The Federal Trade Commission is conducting an antitrust investigation of a proposed hospital merger in Missouri that would give one owner control of three of the market's five hospitals.
Executives at the hospitals expressed confidence that the FTC will clear the deal of any anti-competitive problems, and they anticipated that the transaction will close by Nov. 1.
FTC officials wouldn't confirm or deny the existence of the investigation.
The participants in the transaction are 167-bed Freeman Hospital and 91-bed Oak Hill Hospital, both in Joplin, Mo. In March, the hospitals announced their plans to merge to form the Health SouthWest Alliance of Missouri.
Freeman and Oak Hill are two of the three hospitals in Joplin, a city of about 42,000 located in Jasper County. Joplin is 150 miles south of Kansas City, Mo., in southwest Missouri. The city's third hospital is 329-bed St. John's Regional Medical Center.
Freeman also owns 67-bed Freeman Neosho (Mo.) Hospital, located about 25 miles southeast of Joplin in Newton County. Newton County is adjacent to Jasper County. Freeman acquired the Neosho facility from a group of physicians last fall (Nov. 29, 1993, p. 28).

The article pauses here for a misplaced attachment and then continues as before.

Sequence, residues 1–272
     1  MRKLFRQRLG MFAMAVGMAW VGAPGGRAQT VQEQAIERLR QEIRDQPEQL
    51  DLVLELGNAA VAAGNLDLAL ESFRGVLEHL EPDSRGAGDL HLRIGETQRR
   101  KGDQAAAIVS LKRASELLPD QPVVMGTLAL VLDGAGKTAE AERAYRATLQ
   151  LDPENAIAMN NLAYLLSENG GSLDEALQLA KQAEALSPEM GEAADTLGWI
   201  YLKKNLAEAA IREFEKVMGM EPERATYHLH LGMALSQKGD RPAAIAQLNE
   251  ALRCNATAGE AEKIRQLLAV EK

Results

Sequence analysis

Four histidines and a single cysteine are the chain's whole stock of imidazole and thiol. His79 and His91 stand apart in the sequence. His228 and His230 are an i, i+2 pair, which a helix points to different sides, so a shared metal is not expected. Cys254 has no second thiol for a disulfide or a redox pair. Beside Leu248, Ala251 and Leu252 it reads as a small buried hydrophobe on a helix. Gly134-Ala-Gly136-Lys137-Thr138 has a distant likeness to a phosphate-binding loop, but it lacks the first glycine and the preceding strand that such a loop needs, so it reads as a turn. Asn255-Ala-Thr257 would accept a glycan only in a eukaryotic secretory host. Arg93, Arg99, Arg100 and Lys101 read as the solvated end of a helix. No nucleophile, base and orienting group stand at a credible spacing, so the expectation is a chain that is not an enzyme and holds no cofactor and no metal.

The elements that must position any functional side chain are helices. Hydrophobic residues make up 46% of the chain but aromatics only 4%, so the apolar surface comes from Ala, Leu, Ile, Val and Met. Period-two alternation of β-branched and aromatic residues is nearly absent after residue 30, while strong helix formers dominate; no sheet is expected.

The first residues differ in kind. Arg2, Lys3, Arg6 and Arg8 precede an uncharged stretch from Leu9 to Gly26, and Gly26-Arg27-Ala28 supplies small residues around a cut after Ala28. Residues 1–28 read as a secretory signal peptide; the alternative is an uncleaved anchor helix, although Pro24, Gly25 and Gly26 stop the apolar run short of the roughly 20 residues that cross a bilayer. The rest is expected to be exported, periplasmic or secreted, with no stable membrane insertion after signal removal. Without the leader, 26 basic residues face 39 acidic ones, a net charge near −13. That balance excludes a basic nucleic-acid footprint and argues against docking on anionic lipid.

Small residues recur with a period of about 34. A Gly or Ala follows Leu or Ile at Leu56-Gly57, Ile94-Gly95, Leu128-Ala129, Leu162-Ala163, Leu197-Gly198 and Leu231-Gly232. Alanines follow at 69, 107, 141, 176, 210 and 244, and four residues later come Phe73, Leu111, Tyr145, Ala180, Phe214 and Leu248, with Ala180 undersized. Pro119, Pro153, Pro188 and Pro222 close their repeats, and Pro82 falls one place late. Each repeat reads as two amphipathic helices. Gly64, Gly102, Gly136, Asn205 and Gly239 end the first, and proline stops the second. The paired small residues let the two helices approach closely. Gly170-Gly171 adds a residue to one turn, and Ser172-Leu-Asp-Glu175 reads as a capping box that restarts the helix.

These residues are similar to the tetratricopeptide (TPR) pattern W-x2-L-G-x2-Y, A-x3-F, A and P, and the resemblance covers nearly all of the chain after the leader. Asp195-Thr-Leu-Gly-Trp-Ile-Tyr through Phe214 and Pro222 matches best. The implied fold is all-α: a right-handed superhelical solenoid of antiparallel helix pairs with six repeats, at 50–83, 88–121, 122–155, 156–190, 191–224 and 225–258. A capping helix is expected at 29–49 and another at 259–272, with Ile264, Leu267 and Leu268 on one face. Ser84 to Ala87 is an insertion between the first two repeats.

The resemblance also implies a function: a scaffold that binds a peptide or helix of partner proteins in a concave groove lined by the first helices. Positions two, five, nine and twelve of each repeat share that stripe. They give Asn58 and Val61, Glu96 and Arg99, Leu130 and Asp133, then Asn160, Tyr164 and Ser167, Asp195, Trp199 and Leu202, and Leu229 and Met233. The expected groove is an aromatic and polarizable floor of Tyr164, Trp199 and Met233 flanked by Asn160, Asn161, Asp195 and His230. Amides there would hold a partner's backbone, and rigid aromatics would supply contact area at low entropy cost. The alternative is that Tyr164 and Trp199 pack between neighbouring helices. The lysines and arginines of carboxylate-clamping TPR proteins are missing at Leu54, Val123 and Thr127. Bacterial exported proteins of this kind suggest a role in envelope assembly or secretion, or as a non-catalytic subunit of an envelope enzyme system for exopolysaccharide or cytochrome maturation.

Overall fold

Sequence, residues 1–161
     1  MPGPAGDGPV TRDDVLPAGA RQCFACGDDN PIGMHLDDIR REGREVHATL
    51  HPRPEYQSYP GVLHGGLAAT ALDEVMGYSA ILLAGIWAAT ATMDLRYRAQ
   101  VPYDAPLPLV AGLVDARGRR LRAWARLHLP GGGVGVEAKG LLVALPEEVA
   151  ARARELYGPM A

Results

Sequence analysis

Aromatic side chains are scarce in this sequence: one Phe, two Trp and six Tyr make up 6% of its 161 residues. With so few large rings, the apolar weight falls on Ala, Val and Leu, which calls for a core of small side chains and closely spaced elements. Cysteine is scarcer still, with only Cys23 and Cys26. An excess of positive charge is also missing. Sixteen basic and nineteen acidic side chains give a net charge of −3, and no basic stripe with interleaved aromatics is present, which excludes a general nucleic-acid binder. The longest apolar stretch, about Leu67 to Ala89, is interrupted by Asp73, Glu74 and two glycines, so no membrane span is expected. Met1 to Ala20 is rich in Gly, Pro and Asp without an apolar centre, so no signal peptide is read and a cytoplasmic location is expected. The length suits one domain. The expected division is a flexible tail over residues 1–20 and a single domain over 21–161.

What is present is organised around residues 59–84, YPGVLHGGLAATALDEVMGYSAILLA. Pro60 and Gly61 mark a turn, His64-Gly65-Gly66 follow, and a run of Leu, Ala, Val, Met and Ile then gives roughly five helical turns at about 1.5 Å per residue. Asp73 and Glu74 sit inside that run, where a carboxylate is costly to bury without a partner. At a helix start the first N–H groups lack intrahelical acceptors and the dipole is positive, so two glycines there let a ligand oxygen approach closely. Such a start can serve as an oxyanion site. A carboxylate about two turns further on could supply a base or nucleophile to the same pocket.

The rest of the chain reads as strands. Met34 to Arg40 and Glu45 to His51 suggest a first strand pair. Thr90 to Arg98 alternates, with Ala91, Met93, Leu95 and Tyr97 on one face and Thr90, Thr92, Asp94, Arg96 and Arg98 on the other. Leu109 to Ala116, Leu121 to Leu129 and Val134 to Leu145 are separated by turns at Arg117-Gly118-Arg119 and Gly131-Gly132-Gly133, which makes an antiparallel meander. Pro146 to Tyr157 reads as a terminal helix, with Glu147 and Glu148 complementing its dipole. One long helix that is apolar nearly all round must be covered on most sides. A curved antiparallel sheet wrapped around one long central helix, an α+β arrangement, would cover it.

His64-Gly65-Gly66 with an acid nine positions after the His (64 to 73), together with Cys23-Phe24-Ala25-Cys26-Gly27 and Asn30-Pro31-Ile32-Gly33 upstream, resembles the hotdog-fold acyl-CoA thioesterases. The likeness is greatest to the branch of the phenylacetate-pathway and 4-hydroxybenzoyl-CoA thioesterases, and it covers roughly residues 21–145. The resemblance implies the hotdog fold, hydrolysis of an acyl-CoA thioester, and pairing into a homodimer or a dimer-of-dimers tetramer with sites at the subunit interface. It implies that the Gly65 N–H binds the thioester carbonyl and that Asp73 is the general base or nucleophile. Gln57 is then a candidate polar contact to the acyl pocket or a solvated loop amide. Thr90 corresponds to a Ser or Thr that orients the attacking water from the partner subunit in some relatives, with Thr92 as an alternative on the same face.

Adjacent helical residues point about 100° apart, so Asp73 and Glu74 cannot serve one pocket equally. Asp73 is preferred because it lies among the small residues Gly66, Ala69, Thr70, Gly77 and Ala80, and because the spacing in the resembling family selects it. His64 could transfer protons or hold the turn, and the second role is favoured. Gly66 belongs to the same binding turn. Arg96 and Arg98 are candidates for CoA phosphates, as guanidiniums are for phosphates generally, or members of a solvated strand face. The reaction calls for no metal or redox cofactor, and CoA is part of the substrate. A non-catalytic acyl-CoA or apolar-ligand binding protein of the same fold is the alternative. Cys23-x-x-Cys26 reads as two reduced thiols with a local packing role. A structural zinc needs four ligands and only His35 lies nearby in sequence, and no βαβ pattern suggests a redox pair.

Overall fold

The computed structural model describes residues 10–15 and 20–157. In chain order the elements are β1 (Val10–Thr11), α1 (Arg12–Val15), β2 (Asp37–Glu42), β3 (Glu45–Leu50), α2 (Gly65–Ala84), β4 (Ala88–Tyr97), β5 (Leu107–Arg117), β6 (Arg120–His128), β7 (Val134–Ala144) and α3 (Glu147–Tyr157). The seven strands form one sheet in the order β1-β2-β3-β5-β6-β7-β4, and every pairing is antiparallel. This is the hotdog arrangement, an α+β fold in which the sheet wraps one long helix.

The market's fifth hospital is 68-bed McCune-Brooks Hospital in Carthage, which is in Jasper County.
Joplin, Neosho and Carthage are located in the same metropolitan statistical area that overlaps both counties.
A merger between Freeman and Oak Hill would give them control of three of the market's five hospitals and about 45% of the 722 staffed acute-care beds in the market, according to the latest staffed-bed figures from the American Hospital Association.
The hospitals filed their required pre-merger notification documents with the FTC in July, and on Aug. 19 the agency issued a so-called "second request" for detailed financial and utilization information from the facilities. A second request typically signals that a transaction is undergoing a thorough review by federal investigators for possible anti-competitive effects.
Kelby Krabbenhoft, Freeman's president and chief executive officer, said hospital representatives met with FTC officials on Aug. 23 and significantly narrowed the scope of the documents sought in the second request. He said the documents to be submitted to the agency focus on the future operations of the newly merged facilities.
Mr. Krabbenhoft said he expected the FTC to clear the deal, which he hoped would be consummated by Nov. 1.
All three hospitals involved in the transaction are profitable, according to the hospitals' figures and data from HCIA, a Baltimore, Md.-based healthcare information company.
This year, Freeman's two facilities are projecting a combined $4.5 million profit on total revenues of $71 million (See related story, p. 33). Oak Hill, meanwhile, earned $1.6 million on total revenues of $27.1 million in 1992, according to the latest data from HCIA.